With busy schedules, tight deadlines and many other day-to-day project management challenges, have you ever wished you had a super power to help you cope with them all in a magical way? Inspired by interesting comments to our CEO’s recent post "7 Business Lessons an Entrepreneur Can Learn from Superheroes", we thought of a few lessons a project manager can learn from superheroes.
Thor – Learn humility
This Northern god of Thunder was thrown down to Earth and deprived of his powers, until he proved to be humble. Jim Collins, the author of leadership best-sellers Good to Great and Built to Last, also suggests humility as a key factor of being a great team leader. As an example, he writes about Darwin Smith, CEO of Kimberly-Clark. Described as a “shy, unpretentious, even awkward” guy, he turned Kimberly-Clark into the leading consumer paper products company in the world during his 20 years as a CEO.
Spider-Man – Take responsibility
Peter Parker learned the hard way that “With great power comes great responsibility.” Of course, a project manager doesn’t need to save New York from scientists who go crazy, but a project’s success is definitely a big weight that lies on their shoulders.However, as Ian McAllister, senior traffic manager at Amazon, mentions in his answer to this Quora question, taking responsibility is different from taking blame. Just remember, that at the end of the day, it doesn’t matter whose fault it was, but that it’s your responsibility to prevent the mistake from happening in the future.By the way, responsibility has an upside as well. Our recent survey showed that more than 80% of managers consider a sense of responsibility the no.1 productivity motivator for them!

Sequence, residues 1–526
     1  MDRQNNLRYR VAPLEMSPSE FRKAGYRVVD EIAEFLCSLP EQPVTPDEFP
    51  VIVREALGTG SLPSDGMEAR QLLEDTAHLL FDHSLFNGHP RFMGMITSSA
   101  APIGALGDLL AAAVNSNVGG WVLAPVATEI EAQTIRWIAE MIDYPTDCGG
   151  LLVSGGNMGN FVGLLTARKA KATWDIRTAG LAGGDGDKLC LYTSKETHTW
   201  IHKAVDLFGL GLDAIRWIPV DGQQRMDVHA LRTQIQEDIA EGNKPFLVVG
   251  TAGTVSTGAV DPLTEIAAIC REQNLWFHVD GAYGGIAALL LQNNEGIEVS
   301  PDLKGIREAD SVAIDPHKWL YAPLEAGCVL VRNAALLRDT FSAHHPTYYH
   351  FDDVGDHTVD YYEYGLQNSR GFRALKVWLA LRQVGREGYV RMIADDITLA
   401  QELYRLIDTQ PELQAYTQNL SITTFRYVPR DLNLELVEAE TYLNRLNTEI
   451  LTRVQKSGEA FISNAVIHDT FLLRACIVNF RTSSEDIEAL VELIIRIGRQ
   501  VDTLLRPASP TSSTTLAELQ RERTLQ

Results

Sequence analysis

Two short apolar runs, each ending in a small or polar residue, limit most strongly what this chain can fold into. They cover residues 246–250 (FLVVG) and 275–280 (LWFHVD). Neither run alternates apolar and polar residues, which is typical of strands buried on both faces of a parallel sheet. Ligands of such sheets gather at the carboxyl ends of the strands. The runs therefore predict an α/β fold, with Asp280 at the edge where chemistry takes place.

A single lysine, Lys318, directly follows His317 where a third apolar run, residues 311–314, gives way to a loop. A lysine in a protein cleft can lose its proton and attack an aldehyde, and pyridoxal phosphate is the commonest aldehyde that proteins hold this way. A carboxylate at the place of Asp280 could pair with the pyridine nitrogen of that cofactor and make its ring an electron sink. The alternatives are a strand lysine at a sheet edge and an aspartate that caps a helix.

Green Lantern – Be creative
A project manager can learn a thing or two from Hal Jordan who used his ring to materialize things that existed in his mind. When competition is hot, you need to be extra creative to get ahead of it. Edward de Bono, the author of the "lateral thinking” term (which is a less-used substitute to the “outside-the-box” buzzword) said, "Creative thinking is not a talent; it is a skill that can be learnt. It empowers people by adding strength to their natural abilities which improves teamwork, productivity and where appropriate profits."
The Thing – Stay empathic
Don’t let appearance mislead you, this thick-skinned guy may seem tough, but he is the heart and soul of Fantastic Four. He possesses the trait that Dr. Daniel Goleman, famous psychologist and science journalist, finds mission-critical for a successful leader – empathy. "Leaders with empathy," says Goleman, "do more than sympathize with people around them: they use their knowledge to improve their companies in subtle, but important ways." This doesn't mean that they agree with everyone's view or try to please everybody. Rather, they "thoughtfully consider employees' feelings – along with other factors – in the process of making intelligent decisions."
Professor X – Raise superheroes yourself
Probably the best team manager in the Marvel universe, Professor Charles Xavier, didn’t only build a famous X-team, but also created a school where he helped gifted youngsters safely develop their powers. As a team leader, it’s one of your priorities to foster and improve your team member’s talents and skills. After all, this is the way to building a dream superhero team.
What about you? What super power do you wish you could use on the work package battlefield?